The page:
Sam Bewley is ready to get stuck into his fifth Vuelta a Espana, with the Kiwi taking on the role o road captain in the service of his Mitchelton-SCOTT team with a diverse range of options.  We took the chance to have a quick catch up with him.

From a GC focus for Esteban Chaves to possible stage wins in a number of areas, Bewley is front and centre in the middle of whatever the team decide to do.  We got to ask a few quick questions to ‘Wagon’ as he gets ready for the opening team time trial; where he will take his place alongside teammate Dion Smith and compatriots George Bennett, Shane Archbold and Patrick Bevin as five Kiwis going up for the final grand tour of 2019.

RC:  First of all back to the Vuelta, without the pressure of having the defending champion; and with a team that looks like it could go any one of a few directions.  As a road captain does it make the prospect of the Vuelta this year a little more fun? 

Sam:  It’s an important Vuelta for us in a few ways, it’s the first time some of the guys have ridden in a team with real purpose and direction so it will be a valuable learning experience for them.  After winning this race last year and coming here this year with Esteban we are really looking forward to aiding him in his goals for this race. I enjoy being a road captain, it’s a role I’ve been doing more and more recently and have learnt lots over the past year or so in doing it so I am excited to be lead the riders group in that respect here. 

RC:  Explain a little what the responsibility of road captain is, how that looks on the road particularly on stages like in the mountains where you can’t be with your teammates or team leader at all times, and how involved the role of road captain is pre or post stage. 

Sam:  It’s an interesting role.  Ultimately the overall tactics of a stage or the race as a whole comes from the director but as the captain you are certainly used in devising those plans a bit more. The role is primarily on the road, in situations where decisions need to be made quickly and certain actions that needed to be taken that the director can’t do from the car, that’s where I step in.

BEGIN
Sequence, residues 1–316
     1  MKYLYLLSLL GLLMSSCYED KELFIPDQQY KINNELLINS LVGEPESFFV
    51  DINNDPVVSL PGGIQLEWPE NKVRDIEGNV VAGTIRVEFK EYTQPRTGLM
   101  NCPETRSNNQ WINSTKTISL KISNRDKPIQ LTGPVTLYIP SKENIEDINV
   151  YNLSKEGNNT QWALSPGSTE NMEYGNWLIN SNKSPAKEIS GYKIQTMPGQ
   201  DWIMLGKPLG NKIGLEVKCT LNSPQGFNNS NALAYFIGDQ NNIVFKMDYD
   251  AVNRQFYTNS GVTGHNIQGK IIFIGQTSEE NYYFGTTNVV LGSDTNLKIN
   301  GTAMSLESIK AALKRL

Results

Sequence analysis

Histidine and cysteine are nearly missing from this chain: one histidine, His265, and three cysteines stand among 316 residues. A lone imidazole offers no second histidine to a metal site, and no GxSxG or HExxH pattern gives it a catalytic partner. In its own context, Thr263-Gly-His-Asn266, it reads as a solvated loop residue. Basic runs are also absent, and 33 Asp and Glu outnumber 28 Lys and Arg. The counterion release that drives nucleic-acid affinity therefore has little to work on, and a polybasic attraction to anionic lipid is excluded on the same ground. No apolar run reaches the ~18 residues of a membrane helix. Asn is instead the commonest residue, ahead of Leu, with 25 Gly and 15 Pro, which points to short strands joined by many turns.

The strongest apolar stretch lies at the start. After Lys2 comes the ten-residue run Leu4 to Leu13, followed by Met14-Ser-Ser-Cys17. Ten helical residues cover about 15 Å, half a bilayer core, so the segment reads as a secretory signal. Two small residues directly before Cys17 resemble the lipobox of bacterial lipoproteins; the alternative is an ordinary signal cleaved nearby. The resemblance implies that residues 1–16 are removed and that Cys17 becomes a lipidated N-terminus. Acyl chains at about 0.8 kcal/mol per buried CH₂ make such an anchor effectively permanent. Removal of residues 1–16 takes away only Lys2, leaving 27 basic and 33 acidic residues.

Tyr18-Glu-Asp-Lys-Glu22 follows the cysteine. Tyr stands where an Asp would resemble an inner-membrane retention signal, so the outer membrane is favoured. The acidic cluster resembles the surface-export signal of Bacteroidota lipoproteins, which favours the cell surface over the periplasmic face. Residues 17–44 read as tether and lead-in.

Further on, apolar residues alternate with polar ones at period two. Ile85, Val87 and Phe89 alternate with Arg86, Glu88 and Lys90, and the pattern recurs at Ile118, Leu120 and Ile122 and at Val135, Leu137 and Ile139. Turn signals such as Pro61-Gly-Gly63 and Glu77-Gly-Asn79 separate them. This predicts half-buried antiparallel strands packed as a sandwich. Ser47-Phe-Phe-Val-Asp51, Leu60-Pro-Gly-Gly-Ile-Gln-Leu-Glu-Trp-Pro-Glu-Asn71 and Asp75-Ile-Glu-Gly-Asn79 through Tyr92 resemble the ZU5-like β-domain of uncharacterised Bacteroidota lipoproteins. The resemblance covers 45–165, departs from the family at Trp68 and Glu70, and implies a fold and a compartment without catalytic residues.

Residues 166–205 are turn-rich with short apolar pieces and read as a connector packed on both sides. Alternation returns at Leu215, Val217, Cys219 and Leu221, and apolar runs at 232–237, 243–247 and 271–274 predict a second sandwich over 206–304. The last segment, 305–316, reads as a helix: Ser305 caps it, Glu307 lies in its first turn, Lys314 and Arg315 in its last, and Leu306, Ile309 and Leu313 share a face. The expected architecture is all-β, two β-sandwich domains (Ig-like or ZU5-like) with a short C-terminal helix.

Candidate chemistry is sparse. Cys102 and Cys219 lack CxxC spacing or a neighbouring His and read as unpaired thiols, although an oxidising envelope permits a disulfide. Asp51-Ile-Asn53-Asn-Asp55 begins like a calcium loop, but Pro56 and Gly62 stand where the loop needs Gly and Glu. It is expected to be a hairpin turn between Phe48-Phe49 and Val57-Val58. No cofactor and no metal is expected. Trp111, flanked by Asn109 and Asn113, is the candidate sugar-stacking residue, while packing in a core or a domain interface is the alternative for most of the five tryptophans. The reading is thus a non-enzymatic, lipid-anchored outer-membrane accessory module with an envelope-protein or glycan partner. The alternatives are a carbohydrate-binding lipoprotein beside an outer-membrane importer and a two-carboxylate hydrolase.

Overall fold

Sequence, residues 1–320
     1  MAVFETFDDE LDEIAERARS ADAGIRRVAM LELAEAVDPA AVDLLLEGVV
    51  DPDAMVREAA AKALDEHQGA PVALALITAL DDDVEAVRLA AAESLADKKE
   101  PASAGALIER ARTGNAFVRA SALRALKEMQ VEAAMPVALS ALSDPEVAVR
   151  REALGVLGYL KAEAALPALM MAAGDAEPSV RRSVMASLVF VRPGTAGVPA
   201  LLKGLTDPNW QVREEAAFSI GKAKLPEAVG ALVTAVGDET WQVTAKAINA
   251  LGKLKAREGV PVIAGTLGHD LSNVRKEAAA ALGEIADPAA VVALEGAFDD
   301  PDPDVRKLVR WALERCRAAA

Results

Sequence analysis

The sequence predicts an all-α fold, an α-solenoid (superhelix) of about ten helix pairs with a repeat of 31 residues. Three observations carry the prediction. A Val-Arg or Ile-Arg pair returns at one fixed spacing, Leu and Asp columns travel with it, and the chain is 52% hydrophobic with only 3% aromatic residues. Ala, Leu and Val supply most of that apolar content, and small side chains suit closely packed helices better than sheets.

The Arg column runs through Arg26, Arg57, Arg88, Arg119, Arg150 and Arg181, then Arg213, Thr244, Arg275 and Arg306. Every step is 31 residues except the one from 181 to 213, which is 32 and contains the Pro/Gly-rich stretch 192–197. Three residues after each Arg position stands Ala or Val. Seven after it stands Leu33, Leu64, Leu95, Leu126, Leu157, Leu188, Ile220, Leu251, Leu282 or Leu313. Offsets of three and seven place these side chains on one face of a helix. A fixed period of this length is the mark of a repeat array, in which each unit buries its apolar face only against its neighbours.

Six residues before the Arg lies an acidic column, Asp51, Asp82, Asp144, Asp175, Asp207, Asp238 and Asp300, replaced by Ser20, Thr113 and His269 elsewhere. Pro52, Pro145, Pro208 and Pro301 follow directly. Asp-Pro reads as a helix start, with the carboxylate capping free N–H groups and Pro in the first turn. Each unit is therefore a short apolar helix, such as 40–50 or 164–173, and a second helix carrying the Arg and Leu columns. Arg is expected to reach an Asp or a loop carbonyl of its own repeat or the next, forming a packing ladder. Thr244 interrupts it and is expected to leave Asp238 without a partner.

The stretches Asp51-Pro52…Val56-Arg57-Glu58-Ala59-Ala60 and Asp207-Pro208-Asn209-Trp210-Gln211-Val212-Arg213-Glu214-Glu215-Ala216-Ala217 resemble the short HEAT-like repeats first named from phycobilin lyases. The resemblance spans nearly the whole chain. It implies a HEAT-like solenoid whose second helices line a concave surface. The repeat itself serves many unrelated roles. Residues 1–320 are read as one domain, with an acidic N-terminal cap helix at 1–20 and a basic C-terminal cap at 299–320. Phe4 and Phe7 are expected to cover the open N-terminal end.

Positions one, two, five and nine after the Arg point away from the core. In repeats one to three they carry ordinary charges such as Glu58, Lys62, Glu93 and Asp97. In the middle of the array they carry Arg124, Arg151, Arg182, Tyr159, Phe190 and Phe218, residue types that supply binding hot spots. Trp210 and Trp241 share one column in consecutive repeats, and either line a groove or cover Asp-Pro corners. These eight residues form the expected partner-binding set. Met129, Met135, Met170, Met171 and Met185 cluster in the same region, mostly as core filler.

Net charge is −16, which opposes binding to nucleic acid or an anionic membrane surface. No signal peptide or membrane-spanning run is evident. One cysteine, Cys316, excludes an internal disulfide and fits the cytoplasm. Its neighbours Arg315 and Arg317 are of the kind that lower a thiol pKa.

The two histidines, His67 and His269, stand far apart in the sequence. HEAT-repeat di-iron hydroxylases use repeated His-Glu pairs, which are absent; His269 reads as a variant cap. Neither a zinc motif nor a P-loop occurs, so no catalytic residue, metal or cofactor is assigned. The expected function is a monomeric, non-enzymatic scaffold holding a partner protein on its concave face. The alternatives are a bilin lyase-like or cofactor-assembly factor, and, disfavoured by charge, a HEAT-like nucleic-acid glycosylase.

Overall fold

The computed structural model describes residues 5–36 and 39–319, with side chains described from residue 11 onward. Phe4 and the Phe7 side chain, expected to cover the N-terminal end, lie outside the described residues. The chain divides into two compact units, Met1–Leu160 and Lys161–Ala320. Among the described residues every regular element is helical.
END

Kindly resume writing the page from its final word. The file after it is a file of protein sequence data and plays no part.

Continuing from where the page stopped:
Also it’s important to lead in a positive way, keep the focus of the guys up on the bike and lead a little off the bike especially with the young guys being involved in a new and higher pressure grand tour.  I like to make sure I understand the stages coming up so each night I will do some homework around that, it’s easier to make decisions if needed if you understand what that day’s stage is about.  We have plenty of experience in the group so in situations like the mountains if I am not there Mikel Nieve will be and he’s also very good at that role. 

RC:  What are your expectations of the race in terms of difficulty and where the race could be won and lost compared to the last four you’ve raced? 

Sam:  The Vuelta is always a very dynamic race. The hard stages start almost immediately, it’s a long race so it is important to conserve early on but in a dynamic race like this you have to be ready to take opportunities on almost any day. 

RC:  Between yourself, Dion Smith, Julian Dean and Jack Bauer (not racing) it seems like it’s becoming a nice, gradual Kiwi takeover at Mitchelton-SCOTT!  Are there certain characteristics that are somewhat uniquely common in your observation amongst Kiwi riders compared to the other nationalities you’ve raced with and against? 

Sam:  Kiwis have a pretty renowned ‘no bullshit’ mentality. We all like to get stuck into our jobs without hesitation or complaint, I think this is a pretty valuable asset and something that seems to be well respected.

Racing at the 2019 Vuelta a Espana begins on the evening of the 24th with an opening team time trial.  We wish Sam and Dion, George, Shane and Paddy all the very best over the next three weeks.

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